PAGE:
glusterd. The same goes for clients, which will need at least 1GB of RAM. I found in production that cloud images with 640MB of RAM would consistently result in the GlusterFS native client being killed by the OOM killer.
As far as storage, I recommend setting up one storage brick per device, or ideally using RAID 5/6/10 devices for storage bricks, so a single failed disk doesn't take out the entire brick on that server. If possible, you should not share devices between GlusterFS and the local system. For example, if you have a locally I/O-intensive process (e.g., log rotation with compression), this could affect the performance of
glusterd on that server and, in turn, affect all the clients using the volume that include that storage brick.
Setup of GlusterFS and volumes is quite easy, assuming you have two servers with one disk each that you want to make into a single volume, replicated (basically RAID 1, a mirror). From the first server, run:
# gluster peer probe ip.of.server.2 # gluster volume create vol1 replica 2 transport tcp 10.2.3.4:/brick1 10.3.4.5:/brick2 # gluster volume start vol1
On the client(s), mount the filesystem:
# mount -t glusterfs -o acl 10.2.3.4:/vol1 /vol1
Replicated volumes are pretty simple: Basically it's RAID 1, and the number of bricks should be equal to the replica count. Plans have been made to support more flexible RAID setups (similar in nature to RAIDZ1/2/3, which allows you to specify that you want data replicated to withstand the loss of one, two, or three drives in the group). You can also create distributed volumes; this is most similar to JBOD (Just a Bunch of Disks), in that files are written in their entirety to one of the bricks in the storage volume. The advantage here is you can easily create very large storage volumes.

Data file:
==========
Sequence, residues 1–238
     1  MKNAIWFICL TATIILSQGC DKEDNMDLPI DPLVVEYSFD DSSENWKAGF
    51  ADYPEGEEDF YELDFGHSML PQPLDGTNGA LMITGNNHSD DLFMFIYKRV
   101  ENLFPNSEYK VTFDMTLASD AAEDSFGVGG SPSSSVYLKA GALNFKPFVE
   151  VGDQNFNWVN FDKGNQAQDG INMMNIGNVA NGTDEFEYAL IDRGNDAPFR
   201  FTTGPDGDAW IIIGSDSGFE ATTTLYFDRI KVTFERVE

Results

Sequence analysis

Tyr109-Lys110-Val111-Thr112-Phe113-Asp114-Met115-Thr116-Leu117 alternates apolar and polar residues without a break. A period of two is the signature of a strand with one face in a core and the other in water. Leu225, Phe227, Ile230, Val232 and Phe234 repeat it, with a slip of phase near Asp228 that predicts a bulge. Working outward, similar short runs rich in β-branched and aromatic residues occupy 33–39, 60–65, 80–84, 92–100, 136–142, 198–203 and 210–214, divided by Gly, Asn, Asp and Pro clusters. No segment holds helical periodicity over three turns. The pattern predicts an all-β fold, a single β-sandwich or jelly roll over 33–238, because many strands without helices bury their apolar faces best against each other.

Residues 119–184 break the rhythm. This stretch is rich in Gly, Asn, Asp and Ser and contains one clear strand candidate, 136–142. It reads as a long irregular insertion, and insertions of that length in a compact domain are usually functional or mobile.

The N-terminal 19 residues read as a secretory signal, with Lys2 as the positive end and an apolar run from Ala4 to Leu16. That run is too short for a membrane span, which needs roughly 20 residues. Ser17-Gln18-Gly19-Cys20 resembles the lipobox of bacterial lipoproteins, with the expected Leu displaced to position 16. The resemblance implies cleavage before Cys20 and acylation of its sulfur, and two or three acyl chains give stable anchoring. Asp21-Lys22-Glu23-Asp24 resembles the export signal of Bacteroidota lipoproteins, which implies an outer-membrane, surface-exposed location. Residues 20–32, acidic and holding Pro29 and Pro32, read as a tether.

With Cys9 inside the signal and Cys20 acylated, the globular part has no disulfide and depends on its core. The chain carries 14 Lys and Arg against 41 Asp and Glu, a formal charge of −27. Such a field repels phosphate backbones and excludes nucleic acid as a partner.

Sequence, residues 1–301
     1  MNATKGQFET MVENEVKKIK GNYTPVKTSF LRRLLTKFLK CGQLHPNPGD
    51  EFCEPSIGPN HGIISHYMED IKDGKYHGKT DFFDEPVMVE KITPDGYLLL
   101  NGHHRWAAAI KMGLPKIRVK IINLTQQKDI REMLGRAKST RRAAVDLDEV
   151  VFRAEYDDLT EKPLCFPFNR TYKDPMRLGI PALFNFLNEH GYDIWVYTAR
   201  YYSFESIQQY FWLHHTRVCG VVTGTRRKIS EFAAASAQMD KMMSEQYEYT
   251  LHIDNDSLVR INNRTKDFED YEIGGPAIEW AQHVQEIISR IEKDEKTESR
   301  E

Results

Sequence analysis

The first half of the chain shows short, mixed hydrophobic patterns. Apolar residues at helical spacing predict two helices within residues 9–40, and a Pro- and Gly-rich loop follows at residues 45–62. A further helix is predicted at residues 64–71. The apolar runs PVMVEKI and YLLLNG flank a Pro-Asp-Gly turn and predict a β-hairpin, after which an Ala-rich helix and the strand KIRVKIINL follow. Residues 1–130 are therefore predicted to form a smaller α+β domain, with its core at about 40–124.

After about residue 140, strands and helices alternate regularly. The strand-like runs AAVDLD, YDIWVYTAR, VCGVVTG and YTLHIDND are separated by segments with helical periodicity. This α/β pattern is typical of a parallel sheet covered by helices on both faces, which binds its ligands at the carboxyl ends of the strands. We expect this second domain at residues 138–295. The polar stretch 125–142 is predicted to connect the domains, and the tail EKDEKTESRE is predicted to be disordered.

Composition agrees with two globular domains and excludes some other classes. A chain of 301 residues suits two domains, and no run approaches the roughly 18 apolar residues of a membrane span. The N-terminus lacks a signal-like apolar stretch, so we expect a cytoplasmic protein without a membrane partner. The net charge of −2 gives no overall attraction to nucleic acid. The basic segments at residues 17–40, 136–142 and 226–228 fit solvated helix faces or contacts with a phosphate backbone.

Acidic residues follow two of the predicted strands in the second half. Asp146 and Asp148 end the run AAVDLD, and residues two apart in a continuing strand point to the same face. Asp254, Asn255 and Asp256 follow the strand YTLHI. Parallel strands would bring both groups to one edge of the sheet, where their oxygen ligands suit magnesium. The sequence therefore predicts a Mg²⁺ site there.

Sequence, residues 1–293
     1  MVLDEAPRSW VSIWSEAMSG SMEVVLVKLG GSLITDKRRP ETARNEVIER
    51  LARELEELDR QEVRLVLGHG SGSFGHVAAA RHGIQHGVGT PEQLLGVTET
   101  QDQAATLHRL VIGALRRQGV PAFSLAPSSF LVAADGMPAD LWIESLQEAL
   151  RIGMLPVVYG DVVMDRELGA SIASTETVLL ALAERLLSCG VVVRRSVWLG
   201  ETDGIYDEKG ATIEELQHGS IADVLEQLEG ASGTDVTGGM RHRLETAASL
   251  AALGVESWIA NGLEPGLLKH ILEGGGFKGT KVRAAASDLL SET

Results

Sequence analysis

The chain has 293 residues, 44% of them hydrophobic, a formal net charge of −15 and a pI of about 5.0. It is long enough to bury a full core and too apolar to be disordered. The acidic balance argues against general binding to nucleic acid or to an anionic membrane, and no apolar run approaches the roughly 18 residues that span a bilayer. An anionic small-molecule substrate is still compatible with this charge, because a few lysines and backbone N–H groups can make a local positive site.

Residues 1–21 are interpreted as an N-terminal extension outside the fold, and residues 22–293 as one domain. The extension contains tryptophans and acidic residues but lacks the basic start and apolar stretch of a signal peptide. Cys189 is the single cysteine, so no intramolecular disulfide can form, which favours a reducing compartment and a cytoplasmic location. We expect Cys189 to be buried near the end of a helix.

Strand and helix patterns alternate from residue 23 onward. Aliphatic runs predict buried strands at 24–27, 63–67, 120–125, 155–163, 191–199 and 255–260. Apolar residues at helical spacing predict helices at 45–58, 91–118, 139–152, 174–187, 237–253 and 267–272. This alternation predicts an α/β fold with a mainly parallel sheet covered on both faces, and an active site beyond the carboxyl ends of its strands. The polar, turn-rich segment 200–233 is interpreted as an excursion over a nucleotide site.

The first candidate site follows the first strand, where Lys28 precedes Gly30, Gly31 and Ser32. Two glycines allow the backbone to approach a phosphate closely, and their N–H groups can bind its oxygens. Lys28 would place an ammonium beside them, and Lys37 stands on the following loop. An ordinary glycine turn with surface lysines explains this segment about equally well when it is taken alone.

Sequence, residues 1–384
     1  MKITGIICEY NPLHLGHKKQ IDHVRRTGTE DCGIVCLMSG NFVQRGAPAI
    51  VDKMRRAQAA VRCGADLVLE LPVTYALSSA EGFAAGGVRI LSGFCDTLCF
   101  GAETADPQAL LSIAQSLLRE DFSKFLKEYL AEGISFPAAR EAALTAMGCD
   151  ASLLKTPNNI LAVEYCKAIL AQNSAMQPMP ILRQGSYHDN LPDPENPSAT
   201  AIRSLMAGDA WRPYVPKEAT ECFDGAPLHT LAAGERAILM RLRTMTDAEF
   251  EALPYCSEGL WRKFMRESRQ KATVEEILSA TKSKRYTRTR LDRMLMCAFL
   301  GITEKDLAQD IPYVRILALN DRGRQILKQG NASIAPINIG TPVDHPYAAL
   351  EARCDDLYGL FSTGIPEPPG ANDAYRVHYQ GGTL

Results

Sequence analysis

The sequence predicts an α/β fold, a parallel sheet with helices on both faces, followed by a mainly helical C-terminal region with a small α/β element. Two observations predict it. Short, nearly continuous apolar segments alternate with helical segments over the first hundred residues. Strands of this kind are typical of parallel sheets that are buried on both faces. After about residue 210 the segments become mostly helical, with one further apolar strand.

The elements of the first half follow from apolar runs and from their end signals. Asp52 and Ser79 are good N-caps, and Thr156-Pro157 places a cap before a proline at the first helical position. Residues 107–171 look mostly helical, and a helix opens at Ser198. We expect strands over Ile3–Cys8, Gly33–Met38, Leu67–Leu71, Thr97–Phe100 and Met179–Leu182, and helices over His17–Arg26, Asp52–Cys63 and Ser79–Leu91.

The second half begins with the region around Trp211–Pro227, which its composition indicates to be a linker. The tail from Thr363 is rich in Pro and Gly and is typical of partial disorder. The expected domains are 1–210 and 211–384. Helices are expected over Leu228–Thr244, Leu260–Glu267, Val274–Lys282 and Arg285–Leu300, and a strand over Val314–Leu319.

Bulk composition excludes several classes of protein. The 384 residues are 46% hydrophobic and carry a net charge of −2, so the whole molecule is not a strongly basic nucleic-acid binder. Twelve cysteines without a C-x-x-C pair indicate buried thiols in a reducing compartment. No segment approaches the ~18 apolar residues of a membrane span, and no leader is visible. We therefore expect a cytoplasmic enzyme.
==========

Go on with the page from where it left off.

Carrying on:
A third option is distributed volumes; these are basically RAID 0-style volumes. Here, files are written in pieces to each storage brick, and for write and read access, you can get very high volumes (e.g., 10 servers writing one tenth of the file each compared with a single server handling all of it). Finally, you can mix and match these three types. For example, you could create a distributed striped volume for extremely high performance, a distributed replicated volume for extremely high availability, or a distributed striped replicated volume for both performance and reliability.
A note on GlusterFS security: Currently, GlusterFS only supports IP/port-based access controls; in essence, it is meant to be used with a trusted network environment. A variety of authentication and encryption options (e.g., Kerberos and SSL) are being examined; however, nothing had been decided at the time of this writing. I suggest you use firewall rules to restrict access to the clients, and if you have clients with different security levels (e.g., trusted internal clients and untrusted external clients), I advise using different storage pools for each.
Buy this article as PDF
Mozilla’s product think tank sinks silently into history.
TODO group will focus on open source tools in large-scale environments.
New tool will look like GParted but support a wider range of storage technologies.
New public key pinning feature will help prevent man-in-the-middle attacks.
Carnegie Mellon researchers say 3 million pages could fall down the phishing hole in the next year.
The US government rolls new best-practice rules for protecting SSH.
Klaus Knopper announces the latest version of his iconic Live Linux system.
All websites that use these popular CMS tools could be vulnerable to denial of service attacks if users don't install the updates.
According to a report, many potential victims of the Heartbleed attack have patched their systems, but few have cleaned up the crime scene to protect themselves from the effects of a previous intrusion.
DARPA and NICTA release the code for the ultra-secure microkernel system used in aerial drones.